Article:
More than 40% of parents give their children crisps, chocolate and sweets at least once a day, according to research carried out by safefood.
The study found that almost three quarters of the parents did not consider them to be treats.
Among children, those aged five and under were given the most treats, with 50% getting a treat "at least once a day or more".
Dr. Cliodhna Foley-Nolan, Director, Human Health & Nutrition, safefood said: "The stand-out disappointing result in this research is that we’ve seen an increase in the number of parents reporting giving food treats daily to children. Parents are really finding this difficult and these products are simply empty calories.
"Over-consumption of these treats, and there is major over-consumption, is a serious threat to our children’s future health. As parents, we need to break the bad habits of giving these every day as it’s now become the norm and not really a ‘treat’ anymore.
The body is urging parents to redouble their efforts to reduce unhealthy treat foods in their childrens diets in an effort to tackle childhood obesity.
Dr Foley-Nolan said: "One of the foundations of our campaign has been the honest and direct feedback from parents and they have told us that they consider this daily food treating as ‘bribing up their kids’ – they routinely give these to ease any difficult situations that arose during the day and to allow themselves a little more peace and quiet.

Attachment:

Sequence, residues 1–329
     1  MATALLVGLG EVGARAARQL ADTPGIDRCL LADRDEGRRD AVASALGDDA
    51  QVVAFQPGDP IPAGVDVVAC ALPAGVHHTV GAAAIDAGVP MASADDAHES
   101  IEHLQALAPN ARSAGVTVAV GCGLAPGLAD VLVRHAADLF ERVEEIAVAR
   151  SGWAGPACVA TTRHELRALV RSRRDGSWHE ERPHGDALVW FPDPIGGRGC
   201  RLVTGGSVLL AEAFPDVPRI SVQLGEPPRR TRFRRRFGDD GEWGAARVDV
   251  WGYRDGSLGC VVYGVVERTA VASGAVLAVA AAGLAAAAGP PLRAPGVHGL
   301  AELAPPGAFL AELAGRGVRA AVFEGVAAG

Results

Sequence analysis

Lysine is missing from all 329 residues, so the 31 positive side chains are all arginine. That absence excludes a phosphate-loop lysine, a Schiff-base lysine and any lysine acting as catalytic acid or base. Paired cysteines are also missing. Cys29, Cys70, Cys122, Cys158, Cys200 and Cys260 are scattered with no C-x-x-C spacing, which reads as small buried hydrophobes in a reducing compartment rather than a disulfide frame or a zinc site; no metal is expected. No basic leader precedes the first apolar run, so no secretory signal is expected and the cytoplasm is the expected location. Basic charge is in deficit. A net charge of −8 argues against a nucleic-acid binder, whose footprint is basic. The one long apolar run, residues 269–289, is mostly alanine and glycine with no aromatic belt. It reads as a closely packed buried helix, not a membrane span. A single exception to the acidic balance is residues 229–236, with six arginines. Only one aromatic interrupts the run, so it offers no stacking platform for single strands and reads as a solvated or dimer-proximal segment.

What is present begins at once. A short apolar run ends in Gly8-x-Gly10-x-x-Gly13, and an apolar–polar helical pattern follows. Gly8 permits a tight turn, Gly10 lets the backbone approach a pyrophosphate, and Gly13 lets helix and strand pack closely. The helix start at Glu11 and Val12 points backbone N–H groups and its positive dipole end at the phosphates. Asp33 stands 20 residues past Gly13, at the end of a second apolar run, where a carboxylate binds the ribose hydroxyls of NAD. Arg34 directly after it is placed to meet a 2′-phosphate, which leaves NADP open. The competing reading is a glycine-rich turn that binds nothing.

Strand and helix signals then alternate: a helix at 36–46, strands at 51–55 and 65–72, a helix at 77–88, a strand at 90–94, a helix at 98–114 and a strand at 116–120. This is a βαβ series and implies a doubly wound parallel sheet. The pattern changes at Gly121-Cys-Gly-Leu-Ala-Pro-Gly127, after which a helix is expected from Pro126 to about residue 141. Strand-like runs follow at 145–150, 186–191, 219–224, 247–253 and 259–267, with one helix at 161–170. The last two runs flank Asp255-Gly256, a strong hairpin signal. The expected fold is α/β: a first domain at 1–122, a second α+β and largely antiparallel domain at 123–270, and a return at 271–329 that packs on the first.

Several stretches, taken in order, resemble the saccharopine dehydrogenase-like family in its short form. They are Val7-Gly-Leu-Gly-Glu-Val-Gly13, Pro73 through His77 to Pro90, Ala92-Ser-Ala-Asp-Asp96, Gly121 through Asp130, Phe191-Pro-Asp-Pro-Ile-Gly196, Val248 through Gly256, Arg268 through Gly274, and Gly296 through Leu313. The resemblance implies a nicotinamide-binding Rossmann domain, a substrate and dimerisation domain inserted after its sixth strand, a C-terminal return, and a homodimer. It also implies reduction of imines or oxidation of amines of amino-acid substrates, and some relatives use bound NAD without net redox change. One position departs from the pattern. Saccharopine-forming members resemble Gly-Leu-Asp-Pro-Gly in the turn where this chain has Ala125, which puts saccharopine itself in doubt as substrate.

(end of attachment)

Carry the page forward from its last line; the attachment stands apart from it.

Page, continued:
"However parents also told us they are uneasy about this behaviour. Parents were also surprised to learn that crisps and biscuits fall into the treats category as these have been given as daily staples for example, after school or after dinner at home."
Among those parents who reported cutting back on treats, the three most popular ways were cutting back to weekends only (30%); buying smaller-sized treats (23%) and restricting treats to every other day (23%).